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How Small Businesses Can Deal with HR Issues

June 4 2020 - Medium and large businesses are usually made up of many departments, and most of them have a dedicated HR team. Therefore, when people have issues with anything such as pay, a dispute with another employee, or a question about their holiday allowance, they can go to HR and get it sorted. However, smaller companies often don't have a dedicated HR person, so how do they deal with these issues?

Put procedures in place

Before you hire your first employees, it's worth sitting down and writing out HR policies and procedures, which cover some of the most common issues that arise in small businesses and how to deal with them. You may need to work with an HR consultant to ensure that the policies you put in place are legal and non-discriminatory.

Your HR procedures will need to cover things such as:

  • The employment process
  • How to deal with poor performance
  • Disciplinary processes
  • Dealing with disputes
  • Flexible working policies
  • Social media and IT use

You should think about your fledgling business culture and what you want things to be like. Will you be corporate and strict, or will it be a more relaxed, informal place? Having things written down helps you follow procedures and ensure you stay within company policy.

Create a simple system for enquiries

Another thing that can be frustrating for small business owners is having to deal with small enquiries such as, "How many paid days off do I have?" "Am I being taxed correctly?" It takes time out of your day when you need to do other things. It's worth choosing HR software that's user friendly, so both you and your employees can quickly look up information and any questions can be quickly answered. This saves you lots of back and forth e-mails.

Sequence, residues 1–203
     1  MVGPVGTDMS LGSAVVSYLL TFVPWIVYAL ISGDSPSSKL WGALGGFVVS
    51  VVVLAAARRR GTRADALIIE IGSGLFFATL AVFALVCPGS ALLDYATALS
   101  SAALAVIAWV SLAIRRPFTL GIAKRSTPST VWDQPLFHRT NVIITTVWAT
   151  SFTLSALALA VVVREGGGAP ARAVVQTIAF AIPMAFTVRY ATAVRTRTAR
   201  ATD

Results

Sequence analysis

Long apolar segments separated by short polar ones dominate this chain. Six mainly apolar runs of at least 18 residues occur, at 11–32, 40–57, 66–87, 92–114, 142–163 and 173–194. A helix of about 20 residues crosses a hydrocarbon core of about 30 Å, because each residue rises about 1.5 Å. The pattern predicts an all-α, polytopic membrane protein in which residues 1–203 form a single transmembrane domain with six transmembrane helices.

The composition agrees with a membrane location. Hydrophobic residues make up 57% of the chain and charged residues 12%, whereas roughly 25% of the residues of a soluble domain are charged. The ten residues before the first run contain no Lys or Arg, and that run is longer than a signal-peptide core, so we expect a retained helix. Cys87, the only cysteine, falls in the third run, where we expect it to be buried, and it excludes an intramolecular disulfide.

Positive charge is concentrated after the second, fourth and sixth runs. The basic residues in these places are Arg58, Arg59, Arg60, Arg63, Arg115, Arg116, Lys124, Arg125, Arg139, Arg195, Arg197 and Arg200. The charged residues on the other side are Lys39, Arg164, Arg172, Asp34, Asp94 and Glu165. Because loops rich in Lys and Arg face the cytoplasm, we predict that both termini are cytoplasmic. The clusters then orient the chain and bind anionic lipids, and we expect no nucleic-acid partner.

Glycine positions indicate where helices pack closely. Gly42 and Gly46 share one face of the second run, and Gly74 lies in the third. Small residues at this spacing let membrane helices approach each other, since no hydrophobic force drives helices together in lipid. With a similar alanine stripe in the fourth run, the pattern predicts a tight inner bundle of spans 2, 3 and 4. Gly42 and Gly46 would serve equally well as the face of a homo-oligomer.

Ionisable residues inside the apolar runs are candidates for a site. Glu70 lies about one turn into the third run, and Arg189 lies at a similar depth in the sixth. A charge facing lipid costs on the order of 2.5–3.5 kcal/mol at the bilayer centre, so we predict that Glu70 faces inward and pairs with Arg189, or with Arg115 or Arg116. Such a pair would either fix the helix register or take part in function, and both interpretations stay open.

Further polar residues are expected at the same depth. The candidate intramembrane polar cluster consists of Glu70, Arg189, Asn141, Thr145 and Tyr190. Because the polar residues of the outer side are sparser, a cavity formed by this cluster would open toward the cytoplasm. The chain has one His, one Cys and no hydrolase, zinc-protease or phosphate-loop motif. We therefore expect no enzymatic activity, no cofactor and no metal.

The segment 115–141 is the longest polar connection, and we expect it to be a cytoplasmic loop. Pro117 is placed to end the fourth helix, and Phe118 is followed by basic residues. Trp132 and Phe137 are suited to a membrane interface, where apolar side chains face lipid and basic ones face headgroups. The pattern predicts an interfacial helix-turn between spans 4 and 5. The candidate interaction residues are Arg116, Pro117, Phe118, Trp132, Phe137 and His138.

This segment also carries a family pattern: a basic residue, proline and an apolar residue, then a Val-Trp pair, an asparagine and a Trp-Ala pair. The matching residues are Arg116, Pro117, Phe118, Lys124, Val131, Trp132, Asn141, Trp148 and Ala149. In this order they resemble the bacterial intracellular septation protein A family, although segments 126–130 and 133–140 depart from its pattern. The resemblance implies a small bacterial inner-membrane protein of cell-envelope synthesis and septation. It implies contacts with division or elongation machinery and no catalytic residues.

Try to deal with complaints objectively

The problem with small businesses is that employees often work directly with the owner and the team is usually small and close-knit. If you get along, great, but if your employees have issues with each other, or complain about something you're doing, then things can get awkward. Try to deal with complaints objectively and be open to criticism so that you can deal with things fairly.

Hire the right people

One of the best ways to avoid HR issues within your business is to make sure you hire the right people who are good fit for your business, and don't be afraid to get rid of people if things aren't working out. Small businesses have a big advantage during the hiring process; they aren't stuck conducting bland, tick-box interviews and asking the same questions of each candidate. You can create your own interview process that really works for you.

HR is not easy to deal with when you don't have a specialist on your side. That's why it's important to create processes and procedures and to make it easy to answer queries. You should also foster a pleasant work environment where people get along well, so you are less likely to deal with serious complaints.



Insider's Guide to Culture Change

Insider's Guide to Culture Change

Siobhan McHale
  The secret to the success or failure of any business boils down to its culture. From disengaged employees to underserved customers, business failures invariably stem from a culture problem.
  More information and prices from:
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The HR Answer Book

The HR Answer Book: An Indispensable Guide for Managers and Human Resources Professionals

by Shawn A. Smith, Rebecca A. Mazin
  The HR Answer Book addresses 200 questions that every employer needs to deal with, from recruiting and hiring to discipline and termination, compensation and benefits to training and employee relations. Accessible and concise, this on-the-job companion offers expert guidance on all types of "people" issues.
  More information and prices from:
Amazon.com - US dollars
Amazon.ca - Cdn dollars
Amazon.co.uk - UK pounds
Amazon.de - Euros
Amazon.fr - Euros

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